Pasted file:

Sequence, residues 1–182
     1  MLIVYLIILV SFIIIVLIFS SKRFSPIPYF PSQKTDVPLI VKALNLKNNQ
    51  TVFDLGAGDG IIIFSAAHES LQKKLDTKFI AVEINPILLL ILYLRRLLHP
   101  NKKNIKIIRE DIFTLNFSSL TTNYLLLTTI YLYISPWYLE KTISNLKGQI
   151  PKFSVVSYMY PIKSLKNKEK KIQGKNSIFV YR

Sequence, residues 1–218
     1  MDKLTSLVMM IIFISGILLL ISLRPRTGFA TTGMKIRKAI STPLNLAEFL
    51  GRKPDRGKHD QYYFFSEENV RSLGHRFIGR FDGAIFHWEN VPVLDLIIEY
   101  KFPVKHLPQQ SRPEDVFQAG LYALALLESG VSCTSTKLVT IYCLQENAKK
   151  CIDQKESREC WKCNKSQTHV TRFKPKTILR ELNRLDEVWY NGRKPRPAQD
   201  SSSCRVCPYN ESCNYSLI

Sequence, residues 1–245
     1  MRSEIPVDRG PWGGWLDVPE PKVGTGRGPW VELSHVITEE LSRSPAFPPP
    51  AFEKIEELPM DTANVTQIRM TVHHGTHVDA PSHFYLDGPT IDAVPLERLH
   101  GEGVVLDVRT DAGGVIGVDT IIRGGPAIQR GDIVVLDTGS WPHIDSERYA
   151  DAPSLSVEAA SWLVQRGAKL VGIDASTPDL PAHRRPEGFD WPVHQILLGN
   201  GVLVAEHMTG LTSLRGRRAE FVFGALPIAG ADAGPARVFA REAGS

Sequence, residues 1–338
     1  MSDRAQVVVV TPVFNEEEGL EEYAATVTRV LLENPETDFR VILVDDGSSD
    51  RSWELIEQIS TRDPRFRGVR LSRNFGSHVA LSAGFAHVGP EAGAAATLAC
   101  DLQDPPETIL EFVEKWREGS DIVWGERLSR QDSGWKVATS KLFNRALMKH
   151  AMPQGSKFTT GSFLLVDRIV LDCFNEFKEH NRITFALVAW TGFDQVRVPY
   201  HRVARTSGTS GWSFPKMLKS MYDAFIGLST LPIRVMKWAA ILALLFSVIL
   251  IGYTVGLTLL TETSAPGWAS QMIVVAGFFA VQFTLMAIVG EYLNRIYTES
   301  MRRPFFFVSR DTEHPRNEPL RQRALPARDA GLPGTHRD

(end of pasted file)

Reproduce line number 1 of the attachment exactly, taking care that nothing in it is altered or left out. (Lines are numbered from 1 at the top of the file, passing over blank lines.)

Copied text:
Sequence, residues 1–182